Welcome to the first edition of Scout’s Take, a new series here at MLSsoccer.com that’ll feature MLS coaches, GMs and, you guessed it, scouts offering their opinions on some of the most noteworthy players and interesting topics around the league.
In exchange for their honesty, we’ve offered all participants anonymity. While you won’t know which coaches we speak to for these pieces, you will get their unfiltered takes. Sounds like a solid trade off, right?
For our opening foray into the series, we spoke to a pair of MLS assistant coaches – both of whom played in the league – about Toronto FC star Sebastian Giovinco.
Here’s their take on just what makes the reigning MLS MVP so damn good:
Is he the best in MLS history?
“At the moment I would say he’s on the pace to be that. If he has another season like this I think I would give the nod to him, but for me I have to say I still think Robbie Keane is the best ever in this league, then Jaime Moreno, then Giovinco is probably on par with Jaime right now.”
“He’s as good as what I’ve seen, for sure… I think that Marco Etcheverry and the impact he had for D.C. early on ranks right up there. That team, in many ways, was built around him. They had the right players in front of him. Whether that was Jaime Moreno, or [Raul] Diaz Arce alongside of him with Johnny Harkes and Richie Williams doing the dirty work in midfield, they built that team around him and his quality. He ran the show, he knew what to do, knew when to take advantage of the opposition. He was very, very good at it. He’s another guy [along with Giovinco] that I would say that was very close to the peak of his game and had a major impact when he came over.”
Just what makes him so good?
“I think the way he just hits the ball. His size-four foot makes the ball do weird things, man. I don’t know how to explain it, if it’s the low center of gravity or something else. He’s pretty good dribbler at speed and taking players on and you have to respect both feet -- left foot, right foot.”
“The reason that I think he’s been so successful is because there’s no one thing that you have to stop with him, it’s everything. He’s good in the run of play, he’s good with the ball at his feet, he’s good getting in behind and he’s also good on set pieces. So just when you think you’ve taken him out of the game in the run of play, you give up a set piece and all of a sudden he puts one in the back of the net and it’s like, ‘Where the hell did this guy come from? He’s been quiet all night.’ So for me he’s easily, easily the most dangerous attacking player in the league and it’s because he has that variety to his game."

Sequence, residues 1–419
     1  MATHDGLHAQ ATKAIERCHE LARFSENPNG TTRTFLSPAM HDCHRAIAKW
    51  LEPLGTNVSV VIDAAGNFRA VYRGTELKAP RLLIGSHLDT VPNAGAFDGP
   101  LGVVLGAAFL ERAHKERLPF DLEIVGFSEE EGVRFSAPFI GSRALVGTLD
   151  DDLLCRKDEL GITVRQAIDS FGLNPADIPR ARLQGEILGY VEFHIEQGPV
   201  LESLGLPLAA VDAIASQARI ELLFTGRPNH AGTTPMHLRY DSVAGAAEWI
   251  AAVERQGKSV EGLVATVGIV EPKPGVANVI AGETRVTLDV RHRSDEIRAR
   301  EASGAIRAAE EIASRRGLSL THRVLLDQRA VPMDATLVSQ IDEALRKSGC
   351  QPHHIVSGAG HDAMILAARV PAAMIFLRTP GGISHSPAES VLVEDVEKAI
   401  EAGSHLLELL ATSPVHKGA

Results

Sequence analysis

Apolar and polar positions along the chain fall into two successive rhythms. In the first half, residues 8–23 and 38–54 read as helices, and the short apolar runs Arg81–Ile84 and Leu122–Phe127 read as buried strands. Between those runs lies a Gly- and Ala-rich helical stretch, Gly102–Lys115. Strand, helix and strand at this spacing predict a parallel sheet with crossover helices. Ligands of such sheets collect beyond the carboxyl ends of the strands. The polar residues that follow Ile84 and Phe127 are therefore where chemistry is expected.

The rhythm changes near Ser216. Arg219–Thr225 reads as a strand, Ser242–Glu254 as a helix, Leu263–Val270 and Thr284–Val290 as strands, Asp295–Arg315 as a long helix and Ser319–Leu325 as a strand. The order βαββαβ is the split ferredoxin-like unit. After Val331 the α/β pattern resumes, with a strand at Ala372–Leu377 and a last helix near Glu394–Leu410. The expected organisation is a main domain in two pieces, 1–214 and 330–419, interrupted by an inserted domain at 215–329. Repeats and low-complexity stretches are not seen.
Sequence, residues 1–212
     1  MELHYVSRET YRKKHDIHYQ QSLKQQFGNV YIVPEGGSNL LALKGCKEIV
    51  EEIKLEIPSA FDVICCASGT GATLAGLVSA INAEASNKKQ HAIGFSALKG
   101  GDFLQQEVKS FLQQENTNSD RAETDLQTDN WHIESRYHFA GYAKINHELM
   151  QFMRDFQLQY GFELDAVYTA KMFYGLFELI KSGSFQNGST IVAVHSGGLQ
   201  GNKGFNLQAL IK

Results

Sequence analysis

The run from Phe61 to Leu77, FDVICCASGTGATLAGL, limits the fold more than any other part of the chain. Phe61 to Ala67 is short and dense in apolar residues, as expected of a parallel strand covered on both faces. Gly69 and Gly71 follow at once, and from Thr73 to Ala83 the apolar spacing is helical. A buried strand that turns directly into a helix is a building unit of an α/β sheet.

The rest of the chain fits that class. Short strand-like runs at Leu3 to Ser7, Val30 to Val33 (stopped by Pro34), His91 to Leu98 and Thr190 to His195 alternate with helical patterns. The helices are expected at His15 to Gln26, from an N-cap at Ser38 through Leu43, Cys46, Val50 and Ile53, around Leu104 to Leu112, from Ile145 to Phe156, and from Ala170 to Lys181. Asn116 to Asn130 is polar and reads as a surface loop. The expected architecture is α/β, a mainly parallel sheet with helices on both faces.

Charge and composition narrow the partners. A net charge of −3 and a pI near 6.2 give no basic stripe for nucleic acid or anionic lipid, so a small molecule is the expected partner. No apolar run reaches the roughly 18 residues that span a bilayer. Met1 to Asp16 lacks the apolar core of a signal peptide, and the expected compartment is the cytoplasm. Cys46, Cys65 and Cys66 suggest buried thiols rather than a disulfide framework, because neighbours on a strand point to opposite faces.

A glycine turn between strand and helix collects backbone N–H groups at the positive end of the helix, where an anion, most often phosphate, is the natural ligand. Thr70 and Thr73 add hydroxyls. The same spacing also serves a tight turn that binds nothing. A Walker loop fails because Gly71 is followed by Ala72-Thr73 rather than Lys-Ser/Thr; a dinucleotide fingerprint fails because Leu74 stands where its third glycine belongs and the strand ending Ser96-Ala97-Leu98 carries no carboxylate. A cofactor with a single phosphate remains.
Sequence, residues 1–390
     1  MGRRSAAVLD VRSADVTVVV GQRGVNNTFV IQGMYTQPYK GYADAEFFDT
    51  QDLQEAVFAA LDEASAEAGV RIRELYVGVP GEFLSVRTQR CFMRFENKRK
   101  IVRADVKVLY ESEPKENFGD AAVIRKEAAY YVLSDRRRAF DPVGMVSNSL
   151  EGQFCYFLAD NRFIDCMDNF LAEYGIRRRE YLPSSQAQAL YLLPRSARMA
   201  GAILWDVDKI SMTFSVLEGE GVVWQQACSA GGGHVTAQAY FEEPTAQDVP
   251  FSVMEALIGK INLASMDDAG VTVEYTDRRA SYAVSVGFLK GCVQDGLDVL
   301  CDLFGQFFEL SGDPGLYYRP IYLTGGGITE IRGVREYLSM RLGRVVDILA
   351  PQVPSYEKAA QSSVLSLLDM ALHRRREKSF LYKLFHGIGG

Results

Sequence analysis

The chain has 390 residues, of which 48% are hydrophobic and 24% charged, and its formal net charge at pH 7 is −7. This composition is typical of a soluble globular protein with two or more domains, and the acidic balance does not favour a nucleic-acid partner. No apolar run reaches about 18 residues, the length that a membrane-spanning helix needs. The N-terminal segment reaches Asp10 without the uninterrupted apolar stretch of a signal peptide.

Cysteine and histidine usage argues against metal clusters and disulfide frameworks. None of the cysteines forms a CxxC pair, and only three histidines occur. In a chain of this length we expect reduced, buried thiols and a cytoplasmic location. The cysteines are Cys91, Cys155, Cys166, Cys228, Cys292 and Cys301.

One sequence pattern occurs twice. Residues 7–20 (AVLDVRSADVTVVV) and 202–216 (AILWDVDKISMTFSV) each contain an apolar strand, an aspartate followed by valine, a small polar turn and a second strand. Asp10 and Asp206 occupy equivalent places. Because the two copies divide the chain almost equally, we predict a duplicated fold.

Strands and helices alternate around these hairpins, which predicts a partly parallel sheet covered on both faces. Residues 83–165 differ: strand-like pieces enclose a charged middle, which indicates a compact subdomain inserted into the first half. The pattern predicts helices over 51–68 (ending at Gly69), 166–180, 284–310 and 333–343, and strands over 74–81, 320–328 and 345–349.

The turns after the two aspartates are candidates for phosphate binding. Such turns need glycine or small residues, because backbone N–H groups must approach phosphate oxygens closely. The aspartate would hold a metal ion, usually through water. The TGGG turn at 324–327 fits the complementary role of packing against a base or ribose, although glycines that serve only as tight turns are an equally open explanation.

Is anyone as lethal on free kicks?
“Probably David Beckham in his time, you could probably compare that. But with this kid, man. Jeez. Like I said, I don’t know how he hits it, or if it’s because his feet are so small, but it’s just like you're shocked if it misses.”
“First person who started hitting it like that was Cristiano [Ronaldo] and then after that you have [Gareth] Bale who hits it just like that. It’s weird, but I don’t think anybody else in the world hits it like these three right now. I think Ronaldo, he hasn’t hit a free kick in a while, but Bale has basically taken over the best free kick taker I think, but Giovinco right now – it’s like anything over midfield it’s a shot.”
“[Former Brazilian international and ex-Galaxy midfielder] Juninho, he’s the one player that I can think of that’s as good as any in the world in terms of set pieces. You knew it when he stepped up to it. That always, that intimidation factor, in many ways, that wreaks havoc on defenses and goalkeepers, in particular. He was outstanding at it. I think when you look at the league we’ve had a few decent ones. [Carlos] Valderrama was good. Beckham was good. There’s been a few guys that can hit a set piece, but the thing that separates Giovinco from those guys is that he can do it within the run of play. It’s just a million different ways with him.”
How do you prep your team to defend him?
“You try to look for tendencies. You just try to look for little habits that they have and spots where they pop up so that you’re really aware of it. You can’t necessarily stop it, but you certainly can direct the defenders, communicate with them and give them an idea of where you want to put them to eliminate some of those places where he’s so good. But that’s really what it is, is just having a good knowledge of where he’s comfortable, where he wants to get the ball on the field. But the problem with Giovinco is it’s almost anywhere, so it’s hard to counteract that.”
“Have two guys on him all the time and don’t let him shoot [laughs]. But like I said, he’s going to create shots from anywhere. He’ll be on the end line trying to take shots and chipping the goalkeeper over there. I don’t know. He’s like an artist, I guess. You know those splash artists that just throw the paint on the canvas and it turns out to be amazing? Yeah, that’s how I see him.”